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Locus Coeruleus Degeneration Correlated with Levodopa Resistance in Parkinson’s Disease: A Retrospective Analysis

Abstract

Background:

The widely divergent responsiveness of Parkinson’s disease (PD) patients to levodopa is an important clinical issue because of its relationship with quality of life and disease prognosis. Preliminary animal experiments have suggested that degeneration of the locus coeruleus (LC) attenuates the efficacy of levodopa treatment.

Objective:

To explore the relationship between LC degeneration and levodopa responsiveness in PD patients in vivo.

Methods:

Neuromelanin-sensitive magnetic resonance imaging (NM-MRI), a good indicator of LC and substantia nigra (SN) degeneration, and levodopa challenge tests were conducted in 57 PD patients. Responsiveness to levodopa was evaluated by the rates of change of the Unified Parkinson’s Disease Rating Scale Part III score and somatomotor network synchronization calculated from resting-state functional MRI before and after levodopa administration. Next, we assessed the relationship between the contrast-to-noise ratio of LC (CNRLC) and levodopa responsiveness. Multiple linear regression analysis was conducted to rule out the potential influence of SN degeneration on levodopa responsiveness.

Results:

A significant positive correlation was found between CNRLC and the motor improvement after levodopa administration (R = 0.421, p = 0.004). CNRLC also correlated with improvement in somatomotor network synchronization (R = –0.323, p = 0.029). Furthermore, the relationship between CNRLC and levodopa responsiveness was independent of SN degeneration.

Conclusion:

LC degeneration might be an essential factor for levodopa resistance. LC evaluation using NM-MRI might be an alternative tool for predicting levodopa responsiveness and for helping to stratify patients into clinical trials aimed at improving the efficacy of levodopa.

INTRODUCTION

The widely diverse responsiveness of Parkinson’s disease (PD) patients to levodopa treatment is an important clinical issue because of its relationship with the quality of daily life and prognosis of the disease [1]. The mechanisms underlying this variability of responses to treatment are unclear. Despite the inter-subject variability in its pharmacokinetics, the degeneration of the locus coeruleus (LC)–nor-epinephrine system, which has significant interaction with the dopaminergic system, might potentially affect patient’s responsiveness to levodopa [2].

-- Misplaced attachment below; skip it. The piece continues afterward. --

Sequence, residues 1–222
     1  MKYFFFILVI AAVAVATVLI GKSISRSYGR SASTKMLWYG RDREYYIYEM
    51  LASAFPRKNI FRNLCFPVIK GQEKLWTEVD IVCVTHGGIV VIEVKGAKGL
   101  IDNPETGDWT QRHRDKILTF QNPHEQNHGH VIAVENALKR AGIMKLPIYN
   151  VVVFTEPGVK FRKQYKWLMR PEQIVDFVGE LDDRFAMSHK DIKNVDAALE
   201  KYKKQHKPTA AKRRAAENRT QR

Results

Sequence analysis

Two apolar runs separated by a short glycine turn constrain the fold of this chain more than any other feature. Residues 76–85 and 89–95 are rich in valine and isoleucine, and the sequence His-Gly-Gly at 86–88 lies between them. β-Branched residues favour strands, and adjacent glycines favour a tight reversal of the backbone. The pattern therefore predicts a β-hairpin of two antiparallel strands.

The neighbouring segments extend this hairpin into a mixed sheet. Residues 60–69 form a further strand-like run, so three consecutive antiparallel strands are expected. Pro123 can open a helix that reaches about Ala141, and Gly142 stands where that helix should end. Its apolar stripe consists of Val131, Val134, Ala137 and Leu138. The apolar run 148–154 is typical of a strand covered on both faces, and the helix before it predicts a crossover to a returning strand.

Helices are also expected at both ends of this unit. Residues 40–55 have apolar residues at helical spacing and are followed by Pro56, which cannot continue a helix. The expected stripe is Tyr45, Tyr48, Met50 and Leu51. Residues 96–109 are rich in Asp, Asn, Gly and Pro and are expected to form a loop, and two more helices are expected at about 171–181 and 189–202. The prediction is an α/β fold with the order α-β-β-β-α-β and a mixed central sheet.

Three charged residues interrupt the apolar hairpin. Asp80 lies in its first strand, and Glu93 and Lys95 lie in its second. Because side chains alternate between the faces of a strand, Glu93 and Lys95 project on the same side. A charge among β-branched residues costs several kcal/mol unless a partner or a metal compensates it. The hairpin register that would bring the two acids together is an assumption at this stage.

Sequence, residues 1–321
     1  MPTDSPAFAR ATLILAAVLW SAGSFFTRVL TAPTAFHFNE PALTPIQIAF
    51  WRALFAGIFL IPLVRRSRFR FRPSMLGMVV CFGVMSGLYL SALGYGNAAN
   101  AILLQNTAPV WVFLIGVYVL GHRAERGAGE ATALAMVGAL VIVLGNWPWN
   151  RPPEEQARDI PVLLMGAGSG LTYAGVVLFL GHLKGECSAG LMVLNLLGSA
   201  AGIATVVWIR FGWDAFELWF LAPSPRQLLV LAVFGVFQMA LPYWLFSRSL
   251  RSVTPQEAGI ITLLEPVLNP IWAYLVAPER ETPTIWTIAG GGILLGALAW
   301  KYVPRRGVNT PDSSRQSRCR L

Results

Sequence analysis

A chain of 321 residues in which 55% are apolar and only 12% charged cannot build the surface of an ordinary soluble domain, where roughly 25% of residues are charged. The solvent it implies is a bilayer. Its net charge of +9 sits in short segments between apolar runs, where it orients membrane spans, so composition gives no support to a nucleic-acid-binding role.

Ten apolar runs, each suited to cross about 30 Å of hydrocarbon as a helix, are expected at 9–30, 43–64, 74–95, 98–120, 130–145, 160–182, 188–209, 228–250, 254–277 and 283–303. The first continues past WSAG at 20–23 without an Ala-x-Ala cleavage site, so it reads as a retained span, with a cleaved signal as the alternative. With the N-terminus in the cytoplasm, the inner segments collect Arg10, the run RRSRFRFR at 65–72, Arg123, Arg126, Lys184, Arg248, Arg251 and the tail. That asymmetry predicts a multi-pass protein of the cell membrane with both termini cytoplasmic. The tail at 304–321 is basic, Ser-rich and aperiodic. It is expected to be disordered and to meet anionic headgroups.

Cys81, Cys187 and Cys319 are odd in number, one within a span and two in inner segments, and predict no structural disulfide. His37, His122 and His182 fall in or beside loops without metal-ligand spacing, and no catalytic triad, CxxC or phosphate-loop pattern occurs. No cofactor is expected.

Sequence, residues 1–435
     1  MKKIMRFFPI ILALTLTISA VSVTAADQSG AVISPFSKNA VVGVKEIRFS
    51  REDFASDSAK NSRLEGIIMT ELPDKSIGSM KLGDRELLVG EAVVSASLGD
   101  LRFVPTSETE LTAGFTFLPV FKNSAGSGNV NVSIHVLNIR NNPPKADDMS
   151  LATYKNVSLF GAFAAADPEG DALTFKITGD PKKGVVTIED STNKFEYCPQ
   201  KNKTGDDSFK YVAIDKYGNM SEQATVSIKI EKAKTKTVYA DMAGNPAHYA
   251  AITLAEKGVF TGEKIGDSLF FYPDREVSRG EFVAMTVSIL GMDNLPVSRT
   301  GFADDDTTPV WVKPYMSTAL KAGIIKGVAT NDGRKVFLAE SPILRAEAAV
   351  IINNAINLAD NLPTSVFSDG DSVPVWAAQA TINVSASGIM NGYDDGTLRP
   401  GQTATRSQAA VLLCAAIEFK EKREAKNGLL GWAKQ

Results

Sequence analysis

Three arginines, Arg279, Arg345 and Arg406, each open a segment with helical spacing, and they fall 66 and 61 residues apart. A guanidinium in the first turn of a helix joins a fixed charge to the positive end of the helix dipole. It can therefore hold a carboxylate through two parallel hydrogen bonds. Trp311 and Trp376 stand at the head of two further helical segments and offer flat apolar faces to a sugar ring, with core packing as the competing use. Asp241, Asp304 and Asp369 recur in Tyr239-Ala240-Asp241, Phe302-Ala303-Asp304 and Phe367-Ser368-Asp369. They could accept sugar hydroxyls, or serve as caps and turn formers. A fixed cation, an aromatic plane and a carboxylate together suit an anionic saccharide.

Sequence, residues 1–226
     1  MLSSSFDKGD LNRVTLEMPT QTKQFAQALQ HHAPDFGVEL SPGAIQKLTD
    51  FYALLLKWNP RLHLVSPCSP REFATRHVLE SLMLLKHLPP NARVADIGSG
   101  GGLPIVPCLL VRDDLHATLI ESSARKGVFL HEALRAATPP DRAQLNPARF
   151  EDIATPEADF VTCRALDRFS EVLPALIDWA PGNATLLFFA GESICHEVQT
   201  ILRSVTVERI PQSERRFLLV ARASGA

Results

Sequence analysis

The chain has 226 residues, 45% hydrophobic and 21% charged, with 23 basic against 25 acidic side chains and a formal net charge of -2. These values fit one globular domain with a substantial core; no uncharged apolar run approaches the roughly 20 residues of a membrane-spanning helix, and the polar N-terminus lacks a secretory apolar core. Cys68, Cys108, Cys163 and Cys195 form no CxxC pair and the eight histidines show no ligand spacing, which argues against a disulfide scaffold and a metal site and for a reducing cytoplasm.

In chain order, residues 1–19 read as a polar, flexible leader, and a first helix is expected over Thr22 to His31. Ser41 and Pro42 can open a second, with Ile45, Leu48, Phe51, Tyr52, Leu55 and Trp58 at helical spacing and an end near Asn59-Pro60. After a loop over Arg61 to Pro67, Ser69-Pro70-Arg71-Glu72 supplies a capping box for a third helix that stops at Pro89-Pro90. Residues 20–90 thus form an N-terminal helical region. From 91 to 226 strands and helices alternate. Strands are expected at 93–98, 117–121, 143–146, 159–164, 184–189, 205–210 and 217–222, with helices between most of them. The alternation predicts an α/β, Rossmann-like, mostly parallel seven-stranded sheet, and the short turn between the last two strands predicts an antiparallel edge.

In addition to its association with several nonmotor symptoms, LC norepinephrine deficiency has a significant link with motor symptoms of PD [3]. Previous experiments in animals has suggested that loss of neurons in the LC enhances the neurodegeneration of the dopaminergic system and aggravates motor disturbance in PD patients [3, 4]. More importantly, preliminary evidence from a rat PD model showed that severe LC norepinephrine deficiency reduces the efficacy of levodopa treatment [2]. This result was also supported in mice treated with 1-methyl-4-phenyl-1,2,3,6-tetrahydropyridine (MPTP), whereby the motor-stimulating effect of levodopa was dramatically reduced in mice given additional LC lesions that reduce norepinephrine production [5]. The above-mentioned studies indicated that degeneration of the LC–noradrenergic system might be an important consideration when evaluating the effects of levodopa on PD patients. Further confirmation of the relationship between LC degeneration and the levodopa responsiveness of PD patients in vivo is of great importance for understanding the mechanism of levodopa resistance, and for stratifying PD patients into clinical trials.

A novel neuromelanin-sensitive magnetic resonance imaging (NM-MRI) technique, which is sensitive to the neuromelanin (paramagnetic in its iron-bound form) that accumulates in noradrenergic neurons, provides an opportunity to quantify the LC and substantia nigra (SN) in vivo [6–9]. The reduction of LC signal intensity in NM-MRI scans corresponds to the loss of noradrenergic neurons [6, 10, 11]. Therefore, in this study, we used the contrast-to-noise ratios of LC and SN (CNRLC and CNRSN), which were obtained from NM-MRI scans to evaluate the degeneration of LC and SN in vivo [6, 12].

In addition to the improvement of motor performance, the normalization of impaired brain functional network organization might be another indicator of a patient’s responsiveness to levodopa [13]. Studies have shown that cortical functional connectivity is increased after levodopa administration, especially in the motor cortex [13–16]. It is known that the dysfunction of somatomotor cortex is an important underlying factor for the motor symptoms of PD [16], and that the somatomotor cortex is innervated by both dopaminergic and noradrenergic projections [17]. Therefore, we combined the improvement of both motor symptoms and somatomotor network synchronization as indicators of responsiveness to levodopa and assessed their relationships with the degeneration of the LC and SN.